#7 Not defining your target audience

Failing to define your target audience can result in a website that lacks focus and fails to engage the right users. I see this happen a lot. Many businesses try to make their website a doormat to welcome any and everyone without considering the target they ultimately want to engage.

Why people fall into this mistake: Defining a specific target audience might feel limiting,  especially if you want to appeal to a broad range of people. Unfortunately, by trying to be everything to everyone, you muddy your message, and people don’t know what to do on your site once they get there because it’s not speaking to their specific needs or goals.

How to avoid this pitfall: Identify your ideal customer personas. Understand their demographics, preferences, and pain points, and tailor your design, content, and functionality to cater to their needs.

If you’re picking up on any themes here, you’ll start to notice again how important it is to start with a strong discovery and research phase before you even design anything.

#8 Ignoring SEO best practices

Creating a visually stunning website is often futile if it doesn’t rank well on search engines. Some common SEO pitfalls include things like ignoring mobile-friendliness, pushing content that provides little value, not considering page load times, and neglecting tags, meta descriptions, and keyword headers, among others. Unfortunately, these pitfalls can lead to poor visibility and reduced organic traffic.

Why people fall into this mistake: SEO can be complex and require additional training to incorporate it well into your website. For some project owners, it may feel easier to focus on what feels more visually at stake—the design and content.

How to avoid this pitfall: Integrate SEO considerations from the start. Research relevant keywords, optimize on-page elements, and ensure your website follows technical SEO guidelines.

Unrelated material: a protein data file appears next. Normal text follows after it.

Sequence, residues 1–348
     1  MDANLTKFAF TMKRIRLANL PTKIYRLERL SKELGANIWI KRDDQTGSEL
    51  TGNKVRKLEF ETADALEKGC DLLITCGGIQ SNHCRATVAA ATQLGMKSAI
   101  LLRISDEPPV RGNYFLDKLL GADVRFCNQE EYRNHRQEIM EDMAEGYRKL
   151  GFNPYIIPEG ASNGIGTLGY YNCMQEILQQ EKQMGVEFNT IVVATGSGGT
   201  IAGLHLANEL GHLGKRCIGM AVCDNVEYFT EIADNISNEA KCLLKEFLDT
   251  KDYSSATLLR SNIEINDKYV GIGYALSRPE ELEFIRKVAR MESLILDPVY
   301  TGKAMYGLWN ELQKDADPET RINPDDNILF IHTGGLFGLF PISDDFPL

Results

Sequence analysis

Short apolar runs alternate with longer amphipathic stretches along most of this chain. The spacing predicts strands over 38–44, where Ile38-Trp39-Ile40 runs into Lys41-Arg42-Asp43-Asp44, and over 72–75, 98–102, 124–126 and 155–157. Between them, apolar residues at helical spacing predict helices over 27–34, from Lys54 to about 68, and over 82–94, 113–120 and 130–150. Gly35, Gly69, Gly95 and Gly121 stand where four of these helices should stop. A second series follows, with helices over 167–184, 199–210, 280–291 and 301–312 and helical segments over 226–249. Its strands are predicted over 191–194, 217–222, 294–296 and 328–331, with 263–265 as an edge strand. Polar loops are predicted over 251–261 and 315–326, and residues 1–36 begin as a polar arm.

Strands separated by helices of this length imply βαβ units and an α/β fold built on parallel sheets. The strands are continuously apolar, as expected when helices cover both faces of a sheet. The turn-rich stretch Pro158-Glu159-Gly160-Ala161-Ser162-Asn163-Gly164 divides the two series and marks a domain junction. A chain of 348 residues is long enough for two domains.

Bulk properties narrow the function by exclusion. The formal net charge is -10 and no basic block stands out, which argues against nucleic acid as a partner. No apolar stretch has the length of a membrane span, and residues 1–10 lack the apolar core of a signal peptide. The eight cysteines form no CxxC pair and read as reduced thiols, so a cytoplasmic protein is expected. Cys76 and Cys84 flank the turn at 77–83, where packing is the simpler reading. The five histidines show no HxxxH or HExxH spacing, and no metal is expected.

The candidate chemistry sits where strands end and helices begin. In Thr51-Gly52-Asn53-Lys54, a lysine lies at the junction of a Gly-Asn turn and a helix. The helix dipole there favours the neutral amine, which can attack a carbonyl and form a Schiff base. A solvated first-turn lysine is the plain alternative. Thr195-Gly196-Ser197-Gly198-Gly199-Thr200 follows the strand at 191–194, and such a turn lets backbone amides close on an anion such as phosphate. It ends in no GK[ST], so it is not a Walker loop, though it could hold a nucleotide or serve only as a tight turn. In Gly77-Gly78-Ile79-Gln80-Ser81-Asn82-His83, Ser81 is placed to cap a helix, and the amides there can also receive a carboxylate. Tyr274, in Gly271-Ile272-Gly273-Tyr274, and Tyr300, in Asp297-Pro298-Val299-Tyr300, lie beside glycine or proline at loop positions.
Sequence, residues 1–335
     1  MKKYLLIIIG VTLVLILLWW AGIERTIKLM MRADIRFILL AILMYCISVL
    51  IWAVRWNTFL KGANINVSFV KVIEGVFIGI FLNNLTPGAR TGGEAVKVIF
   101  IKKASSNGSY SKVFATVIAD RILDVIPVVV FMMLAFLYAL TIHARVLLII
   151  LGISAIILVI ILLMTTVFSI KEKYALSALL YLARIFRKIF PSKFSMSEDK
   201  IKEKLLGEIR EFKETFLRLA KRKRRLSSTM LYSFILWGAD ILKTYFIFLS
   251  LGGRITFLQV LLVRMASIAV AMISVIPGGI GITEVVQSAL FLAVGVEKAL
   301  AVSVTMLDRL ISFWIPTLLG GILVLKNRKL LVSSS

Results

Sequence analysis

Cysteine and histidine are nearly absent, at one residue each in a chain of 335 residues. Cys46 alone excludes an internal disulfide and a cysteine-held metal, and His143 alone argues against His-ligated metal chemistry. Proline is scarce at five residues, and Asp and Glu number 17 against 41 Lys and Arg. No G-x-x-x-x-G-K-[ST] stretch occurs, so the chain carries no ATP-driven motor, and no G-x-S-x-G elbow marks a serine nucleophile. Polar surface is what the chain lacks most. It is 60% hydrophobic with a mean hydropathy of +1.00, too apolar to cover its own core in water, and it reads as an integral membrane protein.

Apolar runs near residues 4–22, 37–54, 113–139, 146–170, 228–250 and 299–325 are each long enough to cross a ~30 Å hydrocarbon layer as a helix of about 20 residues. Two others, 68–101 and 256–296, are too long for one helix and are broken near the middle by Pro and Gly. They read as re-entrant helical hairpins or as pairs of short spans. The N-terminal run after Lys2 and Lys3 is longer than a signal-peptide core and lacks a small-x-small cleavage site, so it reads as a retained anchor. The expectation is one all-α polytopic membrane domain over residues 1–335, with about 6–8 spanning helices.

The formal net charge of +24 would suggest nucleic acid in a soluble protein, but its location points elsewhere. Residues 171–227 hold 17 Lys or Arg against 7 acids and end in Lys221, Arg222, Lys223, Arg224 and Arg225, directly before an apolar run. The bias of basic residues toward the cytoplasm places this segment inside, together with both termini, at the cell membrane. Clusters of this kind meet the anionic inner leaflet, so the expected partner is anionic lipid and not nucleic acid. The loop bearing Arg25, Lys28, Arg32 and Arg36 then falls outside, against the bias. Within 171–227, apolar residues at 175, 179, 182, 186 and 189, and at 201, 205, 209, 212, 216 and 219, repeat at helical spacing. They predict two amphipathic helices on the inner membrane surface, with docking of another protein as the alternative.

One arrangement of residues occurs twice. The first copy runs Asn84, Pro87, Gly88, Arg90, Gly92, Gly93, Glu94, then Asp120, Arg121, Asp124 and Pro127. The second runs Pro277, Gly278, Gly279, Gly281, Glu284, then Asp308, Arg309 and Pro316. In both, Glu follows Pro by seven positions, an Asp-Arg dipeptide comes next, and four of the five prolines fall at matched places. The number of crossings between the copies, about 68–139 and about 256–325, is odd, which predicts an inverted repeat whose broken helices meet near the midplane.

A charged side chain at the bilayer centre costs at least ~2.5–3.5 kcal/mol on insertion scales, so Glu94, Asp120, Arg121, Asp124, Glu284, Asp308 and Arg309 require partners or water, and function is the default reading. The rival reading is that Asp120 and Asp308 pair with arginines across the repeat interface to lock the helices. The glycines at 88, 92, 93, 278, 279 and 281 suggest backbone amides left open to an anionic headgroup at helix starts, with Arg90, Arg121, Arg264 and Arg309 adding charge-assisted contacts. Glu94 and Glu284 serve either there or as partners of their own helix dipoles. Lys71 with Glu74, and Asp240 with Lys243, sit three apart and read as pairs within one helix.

Here are a few SEO tips to get started:

  • Keywords: Incorporate relevant keywords that your target audience will likely use. Use tools like Google Keyword Planner or Ubersuggest to find keywords with a good balance of search volume and competition.
  • On-Page SEO: Use keywords in H1, H2, and H3 page titles, and write descriptive descriptions and meta descriptions.
  • Mobile friendly: Make sure your site is responsive on different devices, which will ultimately rank higher in search results.
  • Speed: Compress images and use browser caching to improve page load times.
  • Linking: Both internal and external linking of your pages improves your rank in search results.
  • XML sitemap: Create an XML sitemap and submit it to Google Search Console to help search engines discover and index your pages.

#9 Forgetting about accessibility

Neglecting web accessibility excludes people with disabilities from accessing and using your website effectively. Often, I see people get so wrapped up in creating a visually stunning website that they forget that some of the features they’re suggesting don’t take a visual impairment or other needs into consideration. For example, someone who is color blind may not be able to read blue text on a green background because these colors often look the same.